What’s your talent philosophy?

Few companies have an explicit talent management philosophy, but it’s a straightforward process to develop and implement one, writes Marc Effron

Could you say that your company has clear guidelines for how long it’s OK to be an average (50th percentile) performer? Or could you say there is consensus among executives about how much should be invested in high-performing employees, compared to average performers? Is there a consistent approach for how transparent you are with leaders about their potential to advance in your company?

If you answered no to those questions you’re not alone. Only 30 per cent of the 121 companies we surveyed had firm-wide guidelines for how talent should be managed. Even in the few firms with guidelines, many had more platitude than operational parameters for managing talent.

Why you need a talent philosophy
A company’s explicit or implicit answers to questions like those above comprise its talent management philosophy – its rules of the road for managing talent. Given that few companies have an explicit talent management philosophy, managers’ individual preferences often guide how a company invests in and manages their employees.

Depending on the manager, a high-potential employee might be aggressively developed and rewarded or receive just a token recognition of their ability. A high-performing employee with less-than-perfect behaviours might be quickly promoted by one manager or held back by another. If your organisation is trying to build specific capabilities or deliver a consistent employee experience, the lack of a talent philosophy undermines those efforts.

Without an explicit talent philosophy, employees will infer their company’s “rules of the road” by observing how talent-related decisions are made. It’s not likely their assessment will give your company the benefit of the doubt. Companies without a clear talent philosophy face potentially serious consequences including:

Increased high potential turnover
Your company’s highest potential leaders will be especially sensitive to lack of transparency about their future. They won’t whine about not knowing; they’ll just leave.

Decreased engagement
The elements of a talent management philosophy heavily influence the factors that create employee engagement. Engagement will take a hit if managers aren’t accountable for developing their teams or bad behaviours are left unchecked.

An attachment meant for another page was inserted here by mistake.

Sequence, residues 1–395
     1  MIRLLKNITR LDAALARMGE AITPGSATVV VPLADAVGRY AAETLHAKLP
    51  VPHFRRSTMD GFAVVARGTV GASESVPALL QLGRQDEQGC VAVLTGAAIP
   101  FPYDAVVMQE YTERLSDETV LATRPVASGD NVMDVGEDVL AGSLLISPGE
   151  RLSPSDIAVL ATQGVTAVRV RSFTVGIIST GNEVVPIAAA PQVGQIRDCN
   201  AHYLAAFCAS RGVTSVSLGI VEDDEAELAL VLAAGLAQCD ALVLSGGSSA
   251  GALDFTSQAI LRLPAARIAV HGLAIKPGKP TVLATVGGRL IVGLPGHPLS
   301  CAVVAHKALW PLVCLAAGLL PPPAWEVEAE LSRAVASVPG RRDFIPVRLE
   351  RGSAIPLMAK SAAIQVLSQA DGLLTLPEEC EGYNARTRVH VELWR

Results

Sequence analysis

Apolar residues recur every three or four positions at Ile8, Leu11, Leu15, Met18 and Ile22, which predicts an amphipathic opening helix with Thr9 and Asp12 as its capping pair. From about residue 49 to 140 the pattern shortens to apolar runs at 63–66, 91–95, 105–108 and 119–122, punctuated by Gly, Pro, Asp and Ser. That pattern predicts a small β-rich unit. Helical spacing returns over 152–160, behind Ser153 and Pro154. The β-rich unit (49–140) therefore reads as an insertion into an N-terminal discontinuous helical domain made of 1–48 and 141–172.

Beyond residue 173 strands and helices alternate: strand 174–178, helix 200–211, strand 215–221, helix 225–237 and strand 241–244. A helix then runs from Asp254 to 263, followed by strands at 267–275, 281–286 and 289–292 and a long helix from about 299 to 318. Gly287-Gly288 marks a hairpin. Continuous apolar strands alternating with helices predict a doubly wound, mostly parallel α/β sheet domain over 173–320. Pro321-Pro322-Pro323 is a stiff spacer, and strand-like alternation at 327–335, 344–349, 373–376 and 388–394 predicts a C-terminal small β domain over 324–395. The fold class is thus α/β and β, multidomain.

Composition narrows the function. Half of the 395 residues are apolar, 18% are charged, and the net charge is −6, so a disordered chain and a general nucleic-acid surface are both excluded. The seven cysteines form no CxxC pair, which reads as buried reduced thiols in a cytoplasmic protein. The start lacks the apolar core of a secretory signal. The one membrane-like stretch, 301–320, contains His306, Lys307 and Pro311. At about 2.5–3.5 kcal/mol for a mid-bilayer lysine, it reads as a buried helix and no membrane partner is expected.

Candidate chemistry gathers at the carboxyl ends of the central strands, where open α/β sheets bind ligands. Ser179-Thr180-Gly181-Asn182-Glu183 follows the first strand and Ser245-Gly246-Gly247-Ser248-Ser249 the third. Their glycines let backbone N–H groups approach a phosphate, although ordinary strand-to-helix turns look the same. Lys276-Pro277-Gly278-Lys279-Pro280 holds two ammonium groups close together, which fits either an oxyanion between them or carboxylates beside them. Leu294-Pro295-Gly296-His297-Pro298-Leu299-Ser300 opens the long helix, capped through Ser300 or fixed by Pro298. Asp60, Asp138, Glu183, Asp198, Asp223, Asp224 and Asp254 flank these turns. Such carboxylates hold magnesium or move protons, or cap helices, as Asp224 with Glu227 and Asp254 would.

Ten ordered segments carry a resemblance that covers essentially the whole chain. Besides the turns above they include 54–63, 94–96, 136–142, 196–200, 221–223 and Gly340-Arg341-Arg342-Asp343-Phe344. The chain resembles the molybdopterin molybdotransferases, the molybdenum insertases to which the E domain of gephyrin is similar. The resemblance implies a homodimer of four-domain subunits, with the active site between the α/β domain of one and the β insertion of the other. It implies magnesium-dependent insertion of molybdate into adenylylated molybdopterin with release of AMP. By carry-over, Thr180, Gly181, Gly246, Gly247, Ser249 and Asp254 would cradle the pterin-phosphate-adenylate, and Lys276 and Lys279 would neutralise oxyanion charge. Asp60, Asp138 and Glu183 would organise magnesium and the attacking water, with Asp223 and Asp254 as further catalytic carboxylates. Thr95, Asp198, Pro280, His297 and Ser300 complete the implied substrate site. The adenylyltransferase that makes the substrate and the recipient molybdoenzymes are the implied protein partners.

Expanding capability gaps
Without a talent management philosophy, managers will rely on their personal preferences to guide how they manage and grow their teams. This “random walk” approach will never build the quality or depth of talent your company requires.

Developing a talent management philosophy
It’s a straightforward process to develop and implement a talent management philosophy. First, get senior team input and consensus. Survey your executives to understand their view on five areas:

  • Performance: How long is it OK to be an average (50th percentile) performer in your organisation today? How long should it be in the future?
  • Behaviours: To what extent do a manager’s behaviours impact their career progress and compensation today? How much should they in the future?
  • Differentiation: How much larger of an investment do you make in your highest potential leaders compared to an average potential leader? What should this difference be in the future?
  • Transparency: How transparent are we today with employees about their career potential in our organisation? How transparent should we be?
  • Accountability: How accountable are managers today for increasing their team’s engagement? How accountable should they be in the future?

Present the data to the team and facilitate them to agreement on each talent philosophy area. It’s not critical to have perfect alignment, as long as each executive agrees to manage his or her group consistent with the team’s decisions.

Second, conduct a reality check. It’s easy to give socially desirable responses when asked talent philosophy questions, so it’s important to confront executives with the philosophy’s real-world implications. That “Steady Eddie” finance director with the great attitude and two kids in college? He’s been here 15 years, never received more than the middle performance rating and has little  possibility of promotion. Your proposed rules say that he’s out in a year unless his performance or potential improves. Is everyone OK with that?

Third, build HR processes and communicate to employees. Once you’ve agreed on the rules, modify your HR processes to enable them. Talent review, succession, development and compensation processes all likely require adjustments to consistently support your new philosophy.

Finally, and most importantly, transparently communicate the new guidelines. Managers need to understand your company’s expectations for how they should manage talent and the consequences of doing that well or poorly. Employees need to know what the rules are for succeeding in your organisation.